Home » Uncategorized » CAES Vol. 9, № 1

CAES Vol. 9, № 1


Think pieces:

On the etymology of the hydronym Oredezh

Alexander Akulov

The hydronym Oredezh has neither Uralic nor Indo-European etymology, but can be explained through the language of the people who lived in the region in the Neolithic period. Those people spoke a language that was a juncture between Yeniseian languages, Caucasian languages, Hattic, and Sumerian. Oredezh/Uredezh originally was *ur-deʔG;it consists of Proto-Yeniseian roots: *ul/ur – “water” and *deʔG “lake”. And this name meant simply “river oxbows” or “river backwaters”. In the current context the root *ul/ur means “river”, but not just “water”. The Oredezh river is famous for its meanders and swampy oxbows. The level of the Littorina Sea was 5 to 7 meters higher than that of the present Baltic Sea, and therefore the level of water in rivers that flew into the sea also was higher than the present, so there were more oxbows in the Oredezh river, and they probably were larger than the modern.

Keywords: hydronymy; substrate hydronymy; Leningrad oblast; Neolithic period; Paja Ul Deˀŋ


Poinamukaru niushpe ashinka shiri tinka

Alexander Akulov

Describing the Ainu of the Northern Kuril islands D. M. Pozdneev shows the following proverb:  poinamukaru niushpe ashinka shiri tinka, and, according to Pozdneev, this saying means: “cutting a tree with a stone ax took great efforts”. However, this translation shows just the general meaning, but doesn’t express the precise meaning of the saying, and also the recording of the proverb is quite inaccurate. This proverb originally had the following view: poyna mukar ni-us-pe asin-ke sir e-cin-ke and its original meaning is the following: “to cut a tree [with] a stone ax is [as difficult as] to stretch land like a skin of an animal”.  

Keywords: Ainu; Ainu of the Northern Kuril islands; Kuril Ainu; Ainu language; Kuril islands


Some questions on reflexes of –eu– in Slavic languages

Alexander Kitaev

The Slavic languages are traditionally believed to have (-)ju- as the result of the change of the proto-IE diphthong (-)eu- in the first syllable and, as a consequence, the elision of -j- with the palatalization of the consonants before: Ceu > Cju > C’u. Some scholars try to show examples of this palatalization, and some even try to reconstruct this prosthetic -j- as a Balto-Slavic isogloss. This reconstruction seems to be currently accepted. But when we start checking the list of all stems proposed to us to illustrate this sound change, we face some serious contradictions and difficulties that could make us call this description into question.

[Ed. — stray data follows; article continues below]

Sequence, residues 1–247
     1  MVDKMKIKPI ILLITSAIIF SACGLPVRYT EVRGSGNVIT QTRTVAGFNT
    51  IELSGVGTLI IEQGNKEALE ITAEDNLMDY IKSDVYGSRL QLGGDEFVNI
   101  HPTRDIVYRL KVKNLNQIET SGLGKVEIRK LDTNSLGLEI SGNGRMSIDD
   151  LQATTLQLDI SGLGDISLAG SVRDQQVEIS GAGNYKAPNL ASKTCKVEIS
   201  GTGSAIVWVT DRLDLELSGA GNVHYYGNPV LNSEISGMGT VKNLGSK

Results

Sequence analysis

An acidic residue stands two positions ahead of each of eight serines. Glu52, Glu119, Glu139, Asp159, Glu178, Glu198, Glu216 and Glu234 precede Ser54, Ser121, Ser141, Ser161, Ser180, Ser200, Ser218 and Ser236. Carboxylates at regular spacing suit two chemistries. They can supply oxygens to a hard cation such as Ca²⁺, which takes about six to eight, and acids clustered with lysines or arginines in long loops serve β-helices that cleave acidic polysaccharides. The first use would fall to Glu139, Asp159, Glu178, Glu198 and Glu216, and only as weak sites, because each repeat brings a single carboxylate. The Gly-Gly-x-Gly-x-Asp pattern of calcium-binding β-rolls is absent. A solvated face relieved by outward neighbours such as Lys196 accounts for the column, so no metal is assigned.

Keywords: phonology; etymology; Slavic; Balto-Slavic; reconstructions


How many voices are there in Ainu really?

Tresi Nonno

Japanese linguists usually describe Ainu as a language with a passive voice. One example considered as passive is hapo or wa a-en=koyki – “I was scolded by mother”. Such sentences can’t be considered examples of passive since they contradict all conditions of the passive voice. Other items considered passive are personal markers enci= (1sg) and unci= (1pl) used in Ishikari/Asahikawa dialect. These markers show that the marked person is a patient/target/beneficiary of an action. When these markers are used, then other personal markers are absent. These markers could be considered as implementations of passive, but in Ainu there are no personal markers like enci= and unci= for other persons and numbers. A voice cannot carry out itself only for some persons and numbers, so this case also can’t be considered a true passive. And thus, Ainu should be considered a language without voices.

Keywords:  Ainu language; passive voice; voices


Uganda: impressions of a trip

Yuliya Vorotilova

The current paper is the first part of the trip report of the ‘grand voyage’ to Uganda and Tanzania that I took in February 2022. The primary purpose of the visit was to participate in the International conference at the Russian Cultural Center (Dar es Salaam). The first part is devoted to Uganda (Fig.1). The current paper consists of my own impressions of the places, that I visited, and my own live photos from the trip. Having only one week, I visited the so-called Grand triangle of Uganda: Kampala – Jinja – Masindi, and thus crossed the country from the Central part to the West, but in this article I focus on the sites of the Uganda capital – Kampala.

Keywords: Uganda; Kampala; boda-boda; Kasubi tombs; Baganda people; Buganda kingdom



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